Despite FSU’s success over the decades in nuclear physics, materials science, meteorology, chemistry and the life sciences, the university still trails Florida’s State University System in the production of bachelors’ degrees in science and engineering. In 2012-13, FSU awarded 11.98% of its bachelors’ degrees in computational sciences, engineering, biological sciences, mathematical sciences, and physical sciences. (For the aficionados, that is CIP codes 11, 14, 26, 27 and 40) The SUS as a whole awarded 14.77% of its bachelors’ degrees in those fields.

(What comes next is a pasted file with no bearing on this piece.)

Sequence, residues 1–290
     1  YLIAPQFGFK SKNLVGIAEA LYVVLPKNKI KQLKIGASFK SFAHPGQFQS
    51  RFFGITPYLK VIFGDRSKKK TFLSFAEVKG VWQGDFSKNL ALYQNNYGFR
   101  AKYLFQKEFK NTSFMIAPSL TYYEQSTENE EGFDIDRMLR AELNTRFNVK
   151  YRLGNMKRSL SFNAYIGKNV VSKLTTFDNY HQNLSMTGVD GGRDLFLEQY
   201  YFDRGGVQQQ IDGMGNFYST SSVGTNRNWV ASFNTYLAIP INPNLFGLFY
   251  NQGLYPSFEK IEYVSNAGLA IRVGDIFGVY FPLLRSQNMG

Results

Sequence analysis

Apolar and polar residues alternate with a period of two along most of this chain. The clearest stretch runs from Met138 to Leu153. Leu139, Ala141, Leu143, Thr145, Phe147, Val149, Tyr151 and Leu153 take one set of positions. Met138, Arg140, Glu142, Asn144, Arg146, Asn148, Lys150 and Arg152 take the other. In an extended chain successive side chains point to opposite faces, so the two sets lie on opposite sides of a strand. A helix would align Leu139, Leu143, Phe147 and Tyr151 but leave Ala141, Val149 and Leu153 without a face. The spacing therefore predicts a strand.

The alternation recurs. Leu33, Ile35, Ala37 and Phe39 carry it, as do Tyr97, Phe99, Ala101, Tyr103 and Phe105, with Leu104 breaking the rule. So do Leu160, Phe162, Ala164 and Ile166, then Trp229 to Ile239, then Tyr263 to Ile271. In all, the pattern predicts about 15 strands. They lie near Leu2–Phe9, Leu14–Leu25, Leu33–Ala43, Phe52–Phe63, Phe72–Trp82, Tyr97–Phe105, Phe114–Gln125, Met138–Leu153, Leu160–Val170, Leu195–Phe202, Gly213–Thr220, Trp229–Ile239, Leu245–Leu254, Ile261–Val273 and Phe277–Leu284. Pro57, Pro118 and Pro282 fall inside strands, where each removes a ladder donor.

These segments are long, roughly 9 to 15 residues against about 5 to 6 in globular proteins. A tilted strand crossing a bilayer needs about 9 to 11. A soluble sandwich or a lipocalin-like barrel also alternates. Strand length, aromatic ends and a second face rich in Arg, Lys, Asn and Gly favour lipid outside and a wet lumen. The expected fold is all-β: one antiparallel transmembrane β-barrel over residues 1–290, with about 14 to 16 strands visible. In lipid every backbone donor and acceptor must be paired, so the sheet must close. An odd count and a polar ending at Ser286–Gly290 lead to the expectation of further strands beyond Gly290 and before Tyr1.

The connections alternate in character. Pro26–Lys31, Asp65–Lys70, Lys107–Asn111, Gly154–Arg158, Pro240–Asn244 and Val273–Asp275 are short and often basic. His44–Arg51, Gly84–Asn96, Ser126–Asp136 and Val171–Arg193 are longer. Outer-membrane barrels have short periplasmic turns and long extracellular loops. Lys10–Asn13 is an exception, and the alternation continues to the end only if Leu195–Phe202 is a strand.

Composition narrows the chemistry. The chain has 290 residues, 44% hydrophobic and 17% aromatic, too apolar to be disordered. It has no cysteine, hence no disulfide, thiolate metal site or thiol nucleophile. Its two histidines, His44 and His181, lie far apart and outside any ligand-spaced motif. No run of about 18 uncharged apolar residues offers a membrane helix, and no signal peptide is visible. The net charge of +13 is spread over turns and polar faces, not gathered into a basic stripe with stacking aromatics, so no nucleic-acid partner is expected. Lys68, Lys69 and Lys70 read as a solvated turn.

As the figure below shows, FSU is ahead of the SUS rates in computational sciences, mathematical sciences and physical sciences. FSU trails the SUS in the biological sciences (despite FSU’s tremendous investments in those fields in the last 20 years) and, of course, engineering. The engineering issue is particularly vexing for FSU.
If these are the fields of the future (and we keep being told that they are) then perhaps it is a reasonable goal for FSU to beat the SUS averages in these fields. Adopting such a goal would certainly steer the institution’s effort in a different direction from the present one.